Spotify Reportedly Asked to Ditch Bid to Predict Mood, Gender Over Discrimination, Privacy Concerns

Brain waves - Sputnik International, 1920, 02.04.2021
Campaigners from Access Now believe the all-embracing mood-recognition feature, if deployed by the audio streaming provider, risks “misgendering” certain categories of users.

Digital civil rights group Access Now has written a letter to Spotify's chief executive Daniel Ek, requesting that the company give up a breakthrough technology that it has recently patented to detect emotion, age and gender using speech recognition algorithms, according to a report from Axios, which has obtained the letter.

The group has voiced concerns that the technology designed to determine a person’s mood could be easily used to manipulate the data, and even lead to discrimination.

"This technology is dangerous, a violation of privacy and other human rights, and should be abandoned," Access Now said in its letter, putting emphasis on at least four areas of particular concern.

Doubts have specifically been raised about the scientific aspect of emotion-recognition technology – whether it’s based on facial or speech parameters – and whether it works at all.

“Although the majority of criticism has focused on inferring emotion using facial recognition systems, many of these criticisms apply equally to speech-based approaches,” the letter claims.

 Another grave concern is possible gender discrimination against trans and non-binary people, with odds being high of trans people getting “misgendered”, or non-binary individuals being “placed into a gender binary that undermines their identity”.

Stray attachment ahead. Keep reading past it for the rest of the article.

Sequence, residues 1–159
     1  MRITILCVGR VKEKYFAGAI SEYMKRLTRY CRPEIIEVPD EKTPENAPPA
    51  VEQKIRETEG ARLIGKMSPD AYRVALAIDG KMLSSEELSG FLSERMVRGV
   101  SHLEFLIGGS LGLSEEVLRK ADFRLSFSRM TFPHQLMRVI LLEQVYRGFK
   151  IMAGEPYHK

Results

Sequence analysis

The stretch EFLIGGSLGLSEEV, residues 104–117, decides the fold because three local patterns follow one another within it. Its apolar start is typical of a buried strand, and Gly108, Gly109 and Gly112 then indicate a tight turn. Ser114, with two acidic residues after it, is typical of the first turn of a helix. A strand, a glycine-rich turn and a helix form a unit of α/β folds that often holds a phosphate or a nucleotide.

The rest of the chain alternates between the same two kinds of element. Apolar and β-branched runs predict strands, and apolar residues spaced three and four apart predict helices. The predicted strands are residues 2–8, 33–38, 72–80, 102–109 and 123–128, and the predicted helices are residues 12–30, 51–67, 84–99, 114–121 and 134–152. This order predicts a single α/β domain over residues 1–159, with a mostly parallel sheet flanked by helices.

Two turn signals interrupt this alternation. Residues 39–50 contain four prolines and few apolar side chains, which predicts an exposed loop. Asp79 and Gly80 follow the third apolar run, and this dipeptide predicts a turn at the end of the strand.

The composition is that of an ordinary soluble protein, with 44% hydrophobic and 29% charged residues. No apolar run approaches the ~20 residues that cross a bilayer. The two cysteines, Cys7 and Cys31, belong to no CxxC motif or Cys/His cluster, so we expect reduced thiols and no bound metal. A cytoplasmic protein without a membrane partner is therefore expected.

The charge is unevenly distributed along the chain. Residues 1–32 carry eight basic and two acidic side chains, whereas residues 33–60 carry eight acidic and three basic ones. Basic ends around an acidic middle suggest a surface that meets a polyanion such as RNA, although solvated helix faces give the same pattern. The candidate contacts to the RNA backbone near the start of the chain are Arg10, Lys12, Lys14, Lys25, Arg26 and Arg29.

Music-streaming apps clockwise from top left, Apple, Spotify, Amazon, Pandora and Google on an iPhone. A federal copyright board in 2018 raised the music-streaming royalties for songwriters and music publishers by more than 40 percent after a dispute which had pitted songwriters against steadily growing music-streaming services. Picture taken 28 January 2018. - Sputnik International, 1920, 26.09.2020
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Privacy violations come third on the list of Access Now’s concerns, as a machine would keep tabs on chats, including private and very personal ones, which would attract government spies and “malicious hackers”.

"Based on reporting, the device would always be on, which means that it would be constantly monitoring, processing voice data, and probably ingesting sensitive information... No one wants a machine listening in on their most intimate conversations,” the letter continued.

However, there has been no confirmed information to date as to whether Spotify intends to build and incorporate the feature, which it has just patented, into its programme.

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